He lives in Center City. He likes Philly. How did this Roman pick here? “That’s where the airplane landed,” he said.  He’s had roughly 49 years on the Row. That number made me say, “That’s beautiful.” He shook his head.

“It’s not beautiful, I just made a nice living. Could’ve been a plumber,” he replied sternly. “ The difference between a plumber and jeweler is nobody argues with the plumber.”


Washington Square West Civic Association President Rick Spitzborg has been in the neighborhood group for seven years. When he started, he remembers additions to neighbors’ homes to be typical requests. The stakes have gotten higher.

“Center City and Wash West has been a new focal point for a lot of other kinds of development,” he said.

According to a December 2016 Center City District report, retail rents in the area have risen more quickly than they have in any comparable city, except for Miami. With a series of huge development projects in Market East, Old City and Washington Square in the works, many opponents have argued that the Toll Brothers towers would accelerate the pace of rising rents that are already steep, as well as more development that could bust up the Row.

Schaffer, the gem-cutter at FGS Gems based out of 708 Sansom St., is one of the wary.  He told the New York Times that he currently pays $6,200 each month. He told the paper that he was offered the chance to move into a slightly larger shop than the one he currently occupies, but opted not to take it, as it wasn’t in move-in condition, had no AC and was too expensive.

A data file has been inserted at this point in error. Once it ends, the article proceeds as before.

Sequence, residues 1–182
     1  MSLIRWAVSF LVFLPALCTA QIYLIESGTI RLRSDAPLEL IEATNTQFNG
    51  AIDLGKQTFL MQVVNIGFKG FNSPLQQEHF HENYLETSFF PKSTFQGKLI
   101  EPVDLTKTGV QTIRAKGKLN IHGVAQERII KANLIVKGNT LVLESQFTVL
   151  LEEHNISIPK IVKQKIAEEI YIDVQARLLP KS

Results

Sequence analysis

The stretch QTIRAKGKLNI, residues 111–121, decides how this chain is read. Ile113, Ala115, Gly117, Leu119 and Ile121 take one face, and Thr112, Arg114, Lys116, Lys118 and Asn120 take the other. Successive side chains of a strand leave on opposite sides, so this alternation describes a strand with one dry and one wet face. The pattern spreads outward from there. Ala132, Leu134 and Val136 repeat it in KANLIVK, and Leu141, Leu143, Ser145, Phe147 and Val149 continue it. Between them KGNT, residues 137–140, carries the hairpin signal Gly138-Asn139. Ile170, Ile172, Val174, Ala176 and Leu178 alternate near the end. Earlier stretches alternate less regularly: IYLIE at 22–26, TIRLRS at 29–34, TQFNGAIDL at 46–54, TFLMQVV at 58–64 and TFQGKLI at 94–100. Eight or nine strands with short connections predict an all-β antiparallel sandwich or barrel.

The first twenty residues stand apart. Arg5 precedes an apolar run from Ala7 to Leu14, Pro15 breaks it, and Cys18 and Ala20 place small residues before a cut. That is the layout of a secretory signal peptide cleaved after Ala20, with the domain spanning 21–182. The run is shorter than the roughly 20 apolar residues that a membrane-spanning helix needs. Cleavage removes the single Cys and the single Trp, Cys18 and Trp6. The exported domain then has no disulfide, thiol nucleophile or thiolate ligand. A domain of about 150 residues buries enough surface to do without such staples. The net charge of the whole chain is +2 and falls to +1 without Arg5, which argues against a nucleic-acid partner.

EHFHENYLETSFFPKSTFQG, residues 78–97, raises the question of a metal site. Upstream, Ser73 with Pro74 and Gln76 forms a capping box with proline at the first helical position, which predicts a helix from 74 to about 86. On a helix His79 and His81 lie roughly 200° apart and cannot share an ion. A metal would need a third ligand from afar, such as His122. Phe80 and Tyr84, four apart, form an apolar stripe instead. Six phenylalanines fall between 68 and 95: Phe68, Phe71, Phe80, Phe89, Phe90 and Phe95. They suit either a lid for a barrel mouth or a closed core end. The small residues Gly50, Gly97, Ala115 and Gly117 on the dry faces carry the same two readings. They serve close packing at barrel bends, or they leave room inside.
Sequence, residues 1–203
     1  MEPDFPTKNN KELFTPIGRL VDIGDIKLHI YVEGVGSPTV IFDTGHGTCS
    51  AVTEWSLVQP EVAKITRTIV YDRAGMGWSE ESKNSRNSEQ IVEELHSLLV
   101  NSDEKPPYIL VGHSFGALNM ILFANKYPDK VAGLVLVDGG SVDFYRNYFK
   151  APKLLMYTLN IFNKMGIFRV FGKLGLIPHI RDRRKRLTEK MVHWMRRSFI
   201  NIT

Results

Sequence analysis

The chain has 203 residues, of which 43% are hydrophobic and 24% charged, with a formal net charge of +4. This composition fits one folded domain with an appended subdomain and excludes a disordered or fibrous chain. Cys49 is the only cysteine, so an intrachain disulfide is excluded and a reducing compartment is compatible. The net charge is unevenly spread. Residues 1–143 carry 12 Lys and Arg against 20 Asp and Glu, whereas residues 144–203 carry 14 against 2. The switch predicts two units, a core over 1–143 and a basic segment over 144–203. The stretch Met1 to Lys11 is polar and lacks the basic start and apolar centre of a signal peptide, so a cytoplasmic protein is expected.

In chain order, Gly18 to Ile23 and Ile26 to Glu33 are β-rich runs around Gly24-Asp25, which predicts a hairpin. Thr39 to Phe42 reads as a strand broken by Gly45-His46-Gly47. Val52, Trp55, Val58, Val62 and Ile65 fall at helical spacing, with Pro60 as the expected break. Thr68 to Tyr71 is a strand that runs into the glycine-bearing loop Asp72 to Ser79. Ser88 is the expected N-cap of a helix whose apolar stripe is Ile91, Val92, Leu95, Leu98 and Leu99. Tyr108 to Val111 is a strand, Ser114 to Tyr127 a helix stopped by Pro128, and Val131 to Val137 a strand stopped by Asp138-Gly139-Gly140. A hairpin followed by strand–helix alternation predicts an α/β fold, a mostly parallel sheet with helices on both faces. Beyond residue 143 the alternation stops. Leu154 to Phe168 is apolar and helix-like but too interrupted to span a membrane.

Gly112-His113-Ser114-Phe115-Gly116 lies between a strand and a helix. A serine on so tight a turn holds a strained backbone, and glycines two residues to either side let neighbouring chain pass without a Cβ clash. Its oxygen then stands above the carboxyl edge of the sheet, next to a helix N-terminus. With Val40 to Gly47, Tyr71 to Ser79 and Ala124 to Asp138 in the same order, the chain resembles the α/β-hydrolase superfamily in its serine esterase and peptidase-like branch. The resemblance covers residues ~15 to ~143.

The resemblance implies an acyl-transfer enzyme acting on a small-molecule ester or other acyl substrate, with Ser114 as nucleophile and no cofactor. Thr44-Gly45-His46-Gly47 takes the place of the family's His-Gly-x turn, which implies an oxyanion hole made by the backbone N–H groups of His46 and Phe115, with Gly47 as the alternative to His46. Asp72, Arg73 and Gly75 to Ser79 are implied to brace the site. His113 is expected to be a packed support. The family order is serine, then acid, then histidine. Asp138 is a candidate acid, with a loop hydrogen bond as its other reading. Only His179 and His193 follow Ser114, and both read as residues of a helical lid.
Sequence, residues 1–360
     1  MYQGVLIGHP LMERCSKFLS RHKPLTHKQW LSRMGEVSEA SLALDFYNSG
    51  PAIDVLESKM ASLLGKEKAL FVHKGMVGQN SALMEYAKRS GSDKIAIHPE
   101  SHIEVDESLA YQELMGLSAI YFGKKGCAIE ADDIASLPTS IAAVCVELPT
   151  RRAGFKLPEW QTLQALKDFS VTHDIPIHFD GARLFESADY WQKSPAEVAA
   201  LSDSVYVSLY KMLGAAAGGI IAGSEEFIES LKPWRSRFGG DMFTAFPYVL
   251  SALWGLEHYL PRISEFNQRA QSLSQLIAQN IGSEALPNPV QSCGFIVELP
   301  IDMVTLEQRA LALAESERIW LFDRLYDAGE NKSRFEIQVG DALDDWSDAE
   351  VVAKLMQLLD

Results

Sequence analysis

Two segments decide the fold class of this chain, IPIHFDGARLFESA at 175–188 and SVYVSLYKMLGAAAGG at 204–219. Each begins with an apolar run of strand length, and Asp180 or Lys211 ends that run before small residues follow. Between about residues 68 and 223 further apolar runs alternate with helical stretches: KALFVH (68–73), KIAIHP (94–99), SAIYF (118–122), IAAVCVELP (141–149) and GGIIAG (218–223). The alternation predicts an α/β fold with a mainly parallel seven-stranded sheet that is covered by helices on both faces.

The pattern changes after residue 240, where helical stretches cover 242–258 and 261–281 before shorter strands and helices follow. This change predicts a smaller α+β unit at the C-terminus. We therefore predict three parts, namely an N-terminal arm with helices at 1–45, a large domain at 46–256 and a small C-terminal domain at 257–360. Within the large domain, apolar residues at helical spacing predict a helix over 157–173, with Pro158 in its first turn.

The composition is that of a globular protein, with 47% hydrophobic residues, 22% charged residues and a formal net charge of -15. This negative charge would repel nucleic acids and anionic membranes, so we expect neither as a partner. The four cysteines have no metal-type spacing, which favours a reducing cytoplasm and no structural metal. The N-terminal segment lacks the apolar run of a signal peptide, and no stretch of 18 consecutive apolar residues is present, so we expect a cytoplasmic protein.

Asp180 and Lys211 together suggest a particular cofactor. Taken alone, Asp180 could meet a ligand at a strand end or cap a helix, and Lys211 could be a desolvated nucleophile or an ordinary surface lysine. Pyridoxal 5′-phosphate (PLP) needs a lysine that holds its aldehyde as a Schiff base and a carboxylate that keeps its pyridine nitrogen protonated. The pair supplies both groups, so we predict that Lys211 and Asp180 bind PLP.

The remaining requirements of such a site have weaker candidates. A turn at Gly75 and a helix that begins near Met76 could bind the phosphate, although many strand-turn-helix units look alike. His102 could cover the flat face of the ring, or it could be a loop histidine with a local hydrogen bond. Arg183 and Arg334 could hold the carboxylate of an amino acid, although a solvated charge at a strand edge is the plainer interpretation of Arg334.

“Here’s the funny thing,” he told Philadelphia Weekly. “I’ve had conversations with jewelers that say ‘Oh, this is going to be a good thing,’ but wait until they start ripping up the street and start saying ‘eminent domain.’ I bet you they’ll shut up then.”

Patrick Grossi, director of advocacy at the Preservation Alliance, considers Jewelers Row telling.

“I think it really kind of highlights this moment that we’re in, in terms of mostly welcome development— new housing, new retail…” he said. “It’s increasingly coming at the cost of occupied and operational historical buildings.”

“People always ask preservationists, ‘Why are you coming out of the woodwork now? You’re so reactive.’ There’s some truth to that. The Historical Commission — and to some degree, my office — doesn’t have the resources to be proactive.” The Historical Commission has a budget of $500,000 annually. In late 2015, the commission’s then-director Jon Farnham told PlanPhilly, “We’ve done some analyses and determined that it’s funded at a level maybe half to a third of what comparable cities fund their preservation agencies.”